In the Name of El Pueblo

Place, Community, and the Politics of History in Yucatán

In the Name of El Pueblo

Latin America Otherwise

More about this series

Book Pages: 360 Illustrations: 33 photographs, 3 maps, 6 figures Published: July 2010

Author: Paul Eiss

Subjects
Anthropology > Cultural Anthropology, History > Latin American History, Latin American Studies > Mexico

The term “el pueblo” is used throughout Latin America, referring alternately to small towns, to community, or to “the people” as a political entity. In this vivid anthropological and historical analysis of Mexico’s Yucatán peninsula, Paul K. Eiss explores the multiple meanings of el pueblo and the power of the concept to unite the diverse claims made in its name. Eiss focuses on working-class indigenous and mestizo populations, examining how those groups negotiated the meaning of el pueblo among themselves and in their interactions with outsiders, including landowners, activists, and government officials. Combining extensive archival and ethnographic research, he describes how residents of the region have laid claim to el pueblo in varied ways, as exemplified in communal narratives recorded in archival documents, in the performance of plays and religious processions, and in struggles over land, politics, and the built environment. Eiss demonstrates that while el pueblo is used throughout the hemisphere, the term is given meaning and power through the ways it is imagined and constructed in local contexts. Moreover, he reveals el pueblo to be a concept that is as historical as it is political. It is in the name of el pueblo—rather than class, race, or nation—that inhabitants of northwestern Yucatán stake their deepest claims not only to social or political rights, but over history itself.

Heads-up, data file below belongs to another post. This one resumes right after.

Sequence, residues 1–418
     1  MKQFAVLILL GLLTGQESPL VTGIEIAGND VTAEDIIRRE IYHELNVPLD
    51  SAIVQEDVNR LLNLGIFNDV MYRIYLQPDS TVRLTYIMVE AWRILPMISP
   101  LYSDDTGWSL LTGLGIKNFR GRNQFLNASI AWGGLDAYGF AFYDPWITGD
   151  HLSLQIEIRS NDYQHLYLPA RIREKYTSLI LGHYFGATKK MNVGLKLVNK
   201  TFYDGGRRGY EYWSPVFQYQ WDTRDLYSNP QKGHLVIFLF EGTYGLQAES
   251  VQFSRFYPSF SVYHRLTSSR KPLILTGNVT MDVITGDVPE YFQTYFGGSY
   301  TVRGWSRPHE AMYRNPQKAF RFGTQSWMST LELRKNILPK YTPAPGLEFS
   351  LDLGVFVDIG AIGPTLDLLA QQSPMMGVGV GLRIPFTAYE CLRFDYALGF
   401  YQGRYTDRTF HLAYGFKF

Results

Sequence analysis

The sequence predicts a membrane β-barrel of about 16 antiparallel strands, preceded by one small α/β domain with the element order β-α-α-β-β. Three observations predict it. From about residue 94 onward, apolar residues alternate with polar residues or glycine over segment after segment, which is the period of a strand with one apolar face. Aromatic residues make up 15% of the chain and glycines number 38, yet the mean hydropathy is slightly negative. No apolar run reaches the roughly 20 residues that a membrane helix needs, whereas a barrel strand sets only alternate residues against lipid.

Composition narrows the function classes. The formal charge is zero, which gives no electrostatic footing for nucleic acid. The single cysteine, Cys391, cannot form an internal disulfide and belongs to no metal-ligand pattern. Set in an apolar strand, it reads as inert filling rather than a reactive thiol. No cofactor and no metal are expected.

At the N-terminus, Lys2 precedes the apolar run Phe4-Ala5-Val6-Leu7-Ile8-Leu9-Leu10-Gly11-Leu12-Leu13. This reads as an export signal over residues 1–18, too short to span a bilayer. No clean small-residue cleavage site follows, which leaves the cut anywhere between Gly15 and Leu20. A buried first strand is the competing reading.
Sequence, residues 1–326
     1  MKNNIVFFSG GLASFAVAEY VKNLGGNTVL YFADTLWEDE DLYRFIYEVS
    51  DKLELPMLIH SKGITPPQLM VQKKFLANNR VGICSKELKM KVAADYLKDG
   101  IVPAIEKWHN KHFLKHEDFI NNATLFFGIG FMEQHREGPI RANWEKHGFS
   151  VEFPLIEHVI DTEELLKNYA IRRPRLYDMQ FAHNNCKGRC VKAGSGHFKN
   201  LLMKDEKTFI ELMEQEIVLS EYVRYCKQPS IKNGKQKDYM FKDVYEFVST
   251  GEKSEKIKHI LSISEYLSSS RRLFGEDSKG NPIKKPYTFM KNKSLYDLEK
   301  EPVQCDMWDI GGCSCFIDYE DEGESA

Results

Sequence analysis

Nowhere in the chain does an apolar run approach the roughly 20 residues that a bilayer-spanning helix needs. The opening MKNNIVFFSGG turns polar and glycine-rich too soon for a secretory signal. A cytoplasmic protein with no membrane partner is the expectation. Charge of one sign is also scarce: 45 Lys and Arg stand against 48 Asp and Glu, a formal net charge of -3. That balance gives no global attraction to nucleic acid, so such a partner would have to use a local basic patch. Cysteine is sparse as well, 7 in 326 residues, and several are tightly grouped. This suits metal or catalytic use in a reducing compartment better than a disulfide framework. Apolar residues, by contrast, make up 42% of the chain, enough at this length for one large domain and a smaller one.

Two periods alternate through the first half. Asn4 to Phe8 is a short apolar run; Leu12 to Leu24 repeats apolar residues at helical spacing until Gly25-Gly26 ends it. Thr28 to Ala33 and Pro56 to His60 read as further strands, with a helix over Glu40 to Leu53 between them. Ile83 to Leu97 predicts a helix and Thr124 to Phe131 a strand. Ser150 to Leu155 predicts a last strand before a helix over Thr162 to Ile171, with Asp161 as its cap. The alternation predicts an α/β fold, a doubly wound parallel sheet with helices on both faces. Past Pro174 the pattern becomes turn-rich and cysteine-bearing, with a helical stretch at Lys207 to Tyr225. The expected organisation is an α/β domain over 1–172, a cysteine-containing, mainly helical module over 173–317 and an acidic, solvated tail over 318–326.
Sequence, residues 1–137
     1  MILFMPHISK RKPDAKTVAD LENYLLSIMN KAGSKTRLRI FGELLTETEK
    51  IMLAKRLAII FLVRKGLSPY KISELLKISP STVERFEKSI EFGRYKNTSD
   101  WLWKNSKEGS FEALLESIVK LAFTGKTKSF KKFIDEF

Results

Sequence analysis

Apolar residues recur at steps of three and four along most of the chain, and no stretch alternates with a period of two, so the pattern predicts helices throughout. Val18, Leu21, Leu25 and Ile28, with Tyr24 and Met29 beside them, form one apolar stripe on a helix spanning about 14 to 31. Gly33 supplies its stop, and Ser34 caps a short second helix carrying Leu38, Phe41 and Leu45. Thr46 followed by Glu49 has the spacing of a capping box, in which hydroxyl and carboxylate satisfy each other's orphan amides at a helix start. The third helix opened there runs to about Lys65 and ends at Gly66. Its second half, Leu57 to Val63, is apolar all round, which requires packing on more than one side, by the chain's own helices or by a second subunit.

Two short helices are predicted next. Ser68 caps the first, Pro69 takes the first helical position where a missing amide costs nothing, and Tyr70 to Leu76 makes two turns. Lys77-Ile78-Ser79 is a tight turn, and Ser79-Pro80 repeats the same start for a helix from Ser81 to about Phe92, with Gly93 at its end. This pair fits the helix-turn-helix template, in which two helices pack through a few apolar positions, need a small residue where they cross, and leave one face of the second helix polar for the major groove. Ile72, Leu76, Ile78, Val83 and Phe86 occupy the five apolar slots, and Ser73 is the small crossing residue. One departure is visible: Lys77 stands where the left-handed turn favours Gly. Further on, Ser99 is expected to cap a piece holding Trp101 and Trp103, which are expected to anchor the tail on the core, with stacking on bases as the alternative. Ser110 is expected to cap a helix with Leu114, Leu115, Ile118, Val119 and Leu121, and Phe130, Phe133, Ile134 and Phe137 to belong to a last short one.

Praise

“In a world of multisited, global ethnographies Eiss’s book reminds us of the value of deeply historical and ethnographic framings of the present. Enriched by contemporary social theory, In the Name of El Pueblo draws on the margins of the archive and the plurality and variety of forms of archives. Its recognition of dispossession rather than possession as a ground for ‘el pueblo,’ reminds readers that the most important forces in social life may not be found only in what appears to be fully present. For readers who have worked on similar issues in Mexico, this book beautifully captures the grounded and yet ephemeral sense of el pueblo.” — JoAnn Martin, POLAR